Cambridge, MA, 7 April 2010. At 4pm on Sunday, May 16, 2010, composer and vocalist Lisa Bielawa’s Emerald Waltz will receive its world premiere at Greater Boston Vineyard Church in a performance by the Cambridge Symphony Orchestra (170 Rindge Avenue). The piece was commissioned by the orchestra in celebration of the ensemble’s 35th anniversary, and is named after the gemstone commonly associated with 35th anniversaries – the emerald. The program also includes Saint-Saens’ Concerto for Cello performed by Raphael Popper-Keizer and Berlioz’s Symphonie Fantastique.
Lisa Bielawa’s music has been performed frequently in the Boston area. She was Composer-in-Residence with the Boston Modern Orchestra Project for three years from 2006 to 2009 and was a Radcliffe Institute Fellow at Harvard in 2007-08. She is currently based in Rome at the American Academy as the 2009-10 Rome Prize winner.
Of Emerald Waltz, Ms. Bielawa says, “It is always a pleasure to write an occasional piece, since commissions to celebrate anniversaries, birthdays and special events usually come from a very heartfelt place, and serve an intimate purpose for the people involved. I wanted to heighten the specific sense of occasion for the Cambridge Symphony Orchestra's special celebration by giving it not only a title but an actual structure that would be expressly about them and their important milestone. The emerald is the 35th anniversary stone, and the 'Viennese waltz' time that carries most of the piece forward is actually a pattern of 35 beats: 10 measures of 3/4 time (waltz time) plus one lopsided measure of 5/4.”
Born into a musical family in San Francisco, Lisa Bielawa played the violin and piano, sang, and wrote music from early childhood. She moved to New York two weeks after receiving her B.A. in Literature in 1990 from Yale University, and became an active participant in New York musical life. She began touring with the Philip Glass Ensemble in 1992, and in 1997 co-founded the MATA Festival, which celebrates the work of young composers. In addition to her work with the Philip Glass Ensemble, she tours and records with John Zorn and has premiered and recorded works by many other composer colleagues.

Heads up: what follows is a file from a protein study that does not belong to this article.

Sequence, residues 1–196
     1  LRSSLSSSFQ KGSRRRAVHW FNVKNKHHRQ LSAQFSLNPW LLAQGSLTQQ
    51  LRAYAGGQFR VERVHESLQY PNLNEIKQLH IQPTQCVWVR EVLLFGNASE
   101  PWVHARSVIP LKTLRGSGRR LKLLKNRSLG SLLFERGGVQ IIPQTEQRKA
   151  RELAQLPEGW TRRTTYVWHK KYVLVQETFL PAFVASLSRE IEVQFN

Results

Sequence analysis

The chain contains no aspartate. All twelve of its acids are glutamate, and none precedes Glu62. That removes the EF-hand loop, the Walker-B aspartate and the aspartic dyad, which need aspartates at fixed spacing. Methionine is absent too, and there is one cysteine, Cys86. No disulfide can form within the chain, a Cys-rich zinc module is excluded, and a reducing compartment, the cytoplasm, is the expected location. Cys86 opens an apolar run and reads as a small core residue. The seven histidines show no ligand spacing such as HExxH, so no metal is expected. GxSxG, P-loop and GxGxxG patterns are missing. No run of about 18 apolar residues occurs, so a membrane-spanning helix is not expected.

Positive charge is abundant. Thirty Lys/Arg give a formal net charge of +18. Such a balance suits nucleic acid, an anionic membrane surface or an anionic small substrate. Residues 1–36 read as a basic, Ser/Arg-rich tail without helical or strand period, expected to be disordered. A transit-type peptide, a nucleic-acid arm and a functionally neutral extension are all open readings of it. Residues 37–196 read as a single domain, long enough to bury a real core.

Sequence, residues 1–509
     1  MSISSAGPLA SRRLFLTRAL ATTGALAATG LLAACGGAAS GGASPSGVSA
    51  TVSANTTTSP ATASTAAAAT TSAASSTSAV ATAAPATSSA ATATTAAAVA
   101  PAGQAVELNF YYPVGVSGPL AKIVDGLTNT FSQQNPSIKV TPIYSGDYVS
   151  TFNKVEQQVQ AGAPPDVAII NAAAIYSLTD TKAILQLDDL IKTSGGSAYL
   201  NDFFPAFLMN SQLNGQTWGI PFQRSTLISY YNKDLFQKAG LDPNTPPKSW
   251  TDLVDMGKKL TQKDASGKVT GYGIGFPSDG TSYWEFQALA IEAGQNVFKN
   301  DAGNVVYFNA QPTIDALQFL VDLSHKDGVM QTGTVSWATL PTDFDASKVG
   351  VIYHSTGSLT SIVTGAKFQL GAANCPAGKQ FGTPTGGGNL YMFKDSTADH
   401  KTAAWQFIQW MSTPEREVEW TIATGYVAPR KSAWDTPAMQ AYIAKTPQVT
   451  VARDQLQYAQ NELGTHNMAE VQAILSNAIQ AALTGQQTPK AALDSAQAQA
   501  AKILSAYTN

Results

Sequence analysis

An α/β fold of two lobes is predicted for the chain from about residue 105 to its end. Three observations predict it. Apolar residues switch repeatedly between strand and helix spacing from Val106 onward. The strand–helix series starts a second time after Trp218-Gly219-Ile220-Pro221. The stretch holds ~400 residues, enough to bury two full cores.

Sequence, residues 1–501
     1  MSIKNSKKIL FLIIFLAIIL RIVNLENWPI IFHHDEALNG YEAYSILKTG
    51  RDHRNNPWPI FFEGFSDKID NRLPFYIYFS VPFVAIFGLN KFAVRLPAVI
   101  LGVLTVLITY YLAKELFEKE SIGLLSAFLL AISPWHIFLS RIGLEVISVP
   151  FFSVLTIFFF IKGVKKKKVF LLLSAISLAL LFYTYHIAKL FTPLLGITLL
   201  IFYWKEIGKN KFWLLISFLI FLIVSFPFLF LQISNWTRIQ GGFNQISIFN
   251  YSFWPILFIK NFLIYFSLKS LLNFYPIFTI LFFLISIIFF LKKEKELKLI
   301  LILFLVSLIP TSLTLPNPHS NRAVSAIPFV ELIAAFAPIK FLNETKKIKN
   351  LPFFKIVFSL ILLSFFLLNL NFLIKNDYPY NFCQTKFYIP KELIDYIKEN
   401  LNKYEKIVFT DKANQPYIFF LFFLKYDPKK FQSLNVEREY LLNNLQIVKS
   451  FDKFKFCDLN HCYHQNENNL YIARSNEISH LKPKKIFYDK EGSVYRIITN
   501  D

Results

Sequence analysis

Ms. Bielawa frequently takes inspiration for her work from literary sources and close artistic collaborations. The New York Times describes her music as, “ruminative, pointillistic and harmonically slightly tart,” and Time Out New York praised her "prodigious gift for mingling persuasive melodicism with organic experimentation."
Recent performances of Ms. Bielawa’s work include the premiere of Double Violin Concerto, written for violinists Colin Jacobsen and Carla Kihlstedt and the Boston Modern Orchestra Project (BMOP); the premiere of In medias res, a concerto for orchestra also written for BMOP; the premiere of Portrait-Elegy by pianist Bruce Levingston; and the premiere of The Project of Collecting Clouds at Town Hall in Seattle by cellist Joshua Roman and chamber ensemble. Other recent highlights include performances of unfinish’d, sent by the Yerevan Ensemble of Soloists in Armenia; of Topos Nostalgia from Chance Encounter with Ms. Bielawa as the soprano in Salzburg; of Hurry at Carnegie Hall during Dawn Upshaw’s Perspectives series; the premiere of The Right Weather by the American Composers Orchestra and Van Cliburn prize-winning pianist Andrew Armstrong during Zankel Hall’s inaugural season; and the premiere of The Lay of the Love and Death at Lincoln Center’s Alice Tully Hall. Ms. Bielawa’s music is available on the Tzadik (A Handful of World), Albany Records (First Takes), and Innova (Hildegurls: Electric Ordo Virtutuum) labels. Upcoming releases in 2010 include The Lay of the Love on Premiere Commission Recordings and an orchestral disc on BMOP/Sound.
In addition to the 2009 Rome Prize, Ms. Bielawa has received fellowships and awards from the Alpert-Ucross Foundation, Creative Capital, the Civitella Ranieri Foundation in Italy, the Fund for U.S. Artists at International Festivals, the New York State Council on the Arts, the New York Foundation for the Arts, the Joyce Dutka Arts Foundation, ASCAP, and the Fondation Royaumont in France. An enthusiastic advocate for the field, Ms. Bielawa now serves on the board of the MATA Festival. In addition, she has served on the board of the American Music Center and taught composition through the New York Youth Symphony Making Score program.
For more information, please visit www.lisabielawa.com.
Jessica Kiger, Associate Publicist
Christina Jensen PR